On July 10, 2003, after months of negotiations and proposals by the plaintiffs and DCFS for improving the child protection investigations, the court entered a class-wide preliminary injunction order that (a) required DCFS to consider all evidence, including evidence of innocence; (b) required DCFS to provide an “Administrator’s Conference” which is a telephonic review of the evidence available to any employee before an indicated report can be registered; (c) amended the notices sent to employees, including notices to employers; and (d) directed that there be expedited appeals decided within 35 days for employees who requested expedited treatment and 90 day appeal decisions otherwise. The Illinois Supreme Court has also discussed Dupuy and adopted as a matter of constitutional law a very strict 90 day limit. See Lyon v. DCFS, 209 Ill. 2d 264, 807 N.E. 2d 423 (2004).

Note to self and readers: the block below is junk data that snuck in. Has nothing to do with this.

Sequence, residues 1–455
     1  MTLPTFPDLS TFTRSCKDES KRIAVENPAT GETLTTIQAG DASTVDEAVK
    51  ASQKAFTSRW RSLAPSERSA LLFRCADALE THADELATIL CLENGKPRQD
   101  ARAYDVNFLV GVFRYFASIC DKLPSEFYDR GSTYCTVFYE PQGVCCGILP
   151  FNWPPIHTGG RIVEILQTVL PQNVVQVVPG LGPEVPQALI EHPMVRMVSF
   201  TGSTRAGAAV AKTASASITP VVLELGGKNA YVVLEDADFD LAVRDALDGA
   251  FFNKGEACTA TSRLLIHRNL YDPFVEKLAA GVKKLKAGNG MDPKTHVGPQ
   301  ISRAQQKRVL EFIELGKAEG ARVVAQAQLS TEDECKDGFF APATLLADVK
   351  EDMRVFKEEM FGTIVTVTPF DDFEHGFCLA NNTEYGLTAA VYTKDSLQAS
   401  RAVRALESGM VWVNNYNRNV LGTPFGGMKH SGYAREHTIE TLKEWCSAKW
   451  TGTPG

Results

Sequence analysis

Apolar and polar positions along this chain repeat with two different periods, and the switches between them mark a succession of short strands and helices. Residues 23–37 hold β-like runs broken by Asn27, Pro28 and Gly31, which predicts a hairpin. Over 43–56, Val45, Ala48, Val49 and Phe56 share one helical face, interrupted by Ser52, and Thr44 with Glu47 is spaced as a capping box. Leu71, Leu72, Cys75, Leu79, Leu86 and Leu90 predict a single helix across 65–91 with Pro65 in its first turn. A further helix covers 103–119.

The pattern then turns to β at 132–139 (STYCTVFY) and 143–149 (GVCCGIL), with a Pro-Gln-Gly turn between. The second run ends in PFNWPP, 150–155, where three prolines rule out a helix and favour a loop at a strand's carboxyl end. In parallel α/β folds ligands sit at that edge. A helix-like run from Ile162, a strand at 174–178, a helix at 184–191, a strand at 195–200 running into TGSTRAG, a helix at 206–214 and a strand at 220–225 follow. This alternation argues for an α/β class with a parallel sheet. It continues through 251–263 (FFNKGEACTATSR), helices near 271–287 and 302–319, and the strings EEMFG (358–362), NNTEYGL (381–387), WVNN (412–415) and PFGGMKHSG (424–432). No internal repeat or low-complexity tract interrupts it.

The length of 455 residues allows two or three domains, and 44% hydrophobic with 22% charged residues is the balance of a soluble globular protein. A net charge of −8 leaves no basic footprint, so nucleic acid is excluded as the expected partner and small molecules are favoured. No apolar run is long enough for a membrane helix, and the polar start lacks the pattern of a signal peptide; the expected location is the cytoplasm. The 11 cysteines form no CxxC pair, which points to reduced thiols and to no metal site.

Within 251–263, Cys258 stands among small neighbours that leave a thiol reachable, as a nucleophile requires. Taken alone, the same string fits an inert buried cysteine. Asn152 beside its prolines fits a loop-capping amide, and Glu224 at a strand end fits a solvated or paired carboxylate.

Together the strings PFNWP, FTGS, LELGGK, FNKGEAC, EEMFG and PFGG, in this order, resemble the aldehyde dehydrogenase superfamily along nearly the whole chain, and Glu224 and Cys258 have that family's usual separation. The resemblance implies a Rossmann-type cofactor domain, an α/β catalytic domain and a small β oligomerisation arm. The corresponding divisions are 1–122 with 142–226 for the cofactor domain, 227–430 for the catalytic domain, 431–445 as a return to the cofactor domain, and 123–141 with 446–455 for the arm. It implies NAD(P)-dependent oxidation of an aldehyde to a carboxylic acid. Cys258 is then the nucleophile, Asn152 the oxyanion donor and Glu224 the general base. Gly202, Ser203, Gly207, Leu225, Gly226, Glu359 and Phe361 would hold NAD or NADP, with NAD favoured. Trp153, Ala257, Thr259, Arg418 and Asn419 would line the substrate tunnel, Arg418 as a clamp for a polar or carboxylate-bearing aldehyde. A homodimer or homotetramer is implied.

In February 2005, the court of appeals ordered the processes available to child care employees also be provided to students and others pursuing a career in child care. (See 397 F.493 (7th Cir.), Feb. 3, 2005 opinion of the court of appeals, available in PDF on Opinions page). In June, 2005, the federal district court entered a further order implementing this ruling and amending the investigative summary form DCFS uses to make more explicit the requirement for consideration of exculpatory evidence.
The Dupuy family’s personal story was the subject of an hour-long feature on Dateline NBC entitled “Clearing Names,” which first aired on May 4, 2001. See www.injusticebusters.com (summarizing the story of then-10 year old Sarah Dupuy, whose parents Belinda and Jeff Dupuy run a group day care in southern Illinois). A final settlement of Dupuy I was entered on February 26, 2007, calling for a two-year monitoring period.